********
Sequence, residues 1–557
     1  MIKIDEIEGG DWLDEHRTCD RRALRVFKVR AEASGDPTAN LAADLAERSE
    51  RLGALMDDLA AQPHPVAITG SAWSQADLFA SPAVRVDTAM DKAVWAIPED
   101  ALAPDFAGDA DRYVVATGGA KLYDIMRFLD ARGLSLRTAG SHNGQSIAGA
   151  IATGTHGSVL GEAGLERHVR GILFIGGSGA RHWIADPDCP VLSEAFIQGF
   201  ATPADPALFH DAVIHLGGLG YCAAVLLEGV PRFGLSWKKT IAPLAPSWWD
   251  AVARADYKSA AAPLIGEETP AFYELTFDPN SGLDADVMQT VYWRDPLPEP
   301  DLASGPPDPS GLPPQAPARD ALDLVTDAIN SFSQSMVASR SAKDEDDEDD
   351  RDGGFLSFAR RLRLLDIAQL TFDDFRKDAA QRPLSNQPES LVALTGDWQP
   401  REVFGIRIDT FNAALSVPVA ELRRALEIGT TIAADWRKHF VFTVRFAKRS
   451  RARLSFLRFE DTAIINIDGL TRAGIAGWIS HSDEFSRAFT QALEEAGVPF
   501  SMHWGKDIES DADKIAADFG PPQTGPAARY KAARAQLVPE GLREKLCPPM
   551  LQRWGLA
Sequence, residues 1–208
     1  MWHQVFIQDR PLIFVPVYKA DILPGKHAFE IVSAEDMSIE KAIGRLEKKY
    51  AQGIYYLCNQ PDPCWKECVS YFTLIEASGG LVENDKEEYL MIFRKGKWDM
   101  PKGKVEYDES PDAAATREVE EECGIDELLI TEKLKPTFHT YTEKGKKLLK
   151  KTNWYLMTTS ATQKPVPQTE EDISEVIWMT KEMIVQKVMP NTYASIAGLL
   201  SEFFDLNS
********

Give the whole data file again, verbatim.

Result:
Sequence, residues 1–557
     1  MIKIDEIEGG DWLDEHRTCD RRALRVFKVR AEASGDPTAN LAADLAERSE
    51  RLGALMDDLA AQPHPVAITG SAWSQADLFA SPAVRVDTAM DKAVWAIPED
   101  ALAPDFAGDA DRYVVATGGA KLYDIMRFLD ARGLSLRTAG SHNGQSIAGA
   151  IATGTHGSVL GEAGLERHVR GILFIGGSGA RHWIADPDCP VLSEAFIQGF
   201  ATPADPALFH DAVIHLGGLG YCAAVLLEGV PRFGLSWKKT IAPLAPSWWD
   251  AVARADYKSA AAPLIGEETP AFYELTFDPN SGLDADVMQT VYWRDPLPEP
   301  DLASGPPDPS GLPPQAPARD ALDLVTDAIN SFSQSMVASR SAKDEDDEDD
   351  RDGGFLSFAR RLRLLDIAQL TFDDFRKDAA QRPLSNQPES LVALTGDWQP
   401  REVFGIRIDT FNAALSVPVA ELRRALEIGT TIAADWRKHF VFTVRFAKRS
   451  RARLSFLRFE DTAIINIDGL TRAGIAGWIS HSDEFSRAFT QALEEAGVPF
   501  SMHWGKDIES DADKIAADFG PPQTGPAARY KAARAQLVPE GLREKLCPPM
   551  LQRWGLA
Sequence, residues 1–208
     1  MWHQVFIQDR PLIFVPVYKA DILPGKHAFE IVSAEDMSIE KAIGRLEKKY
    51  AQGIYYLCNQ PDPCWKECVS YFTLIEASGG LVENDKEEYL MIFRKGKWDM
   101  PKGKVEYDES PDAAATREVE EECGIDELLI TEKLKPTFHT YTEKGKKLLK
   151  KTNWYLMTTS ATQKPVPQTE EDISEVIWMT KEMIVQKVMP NTYASIAGLL
   201  SEFFDLNS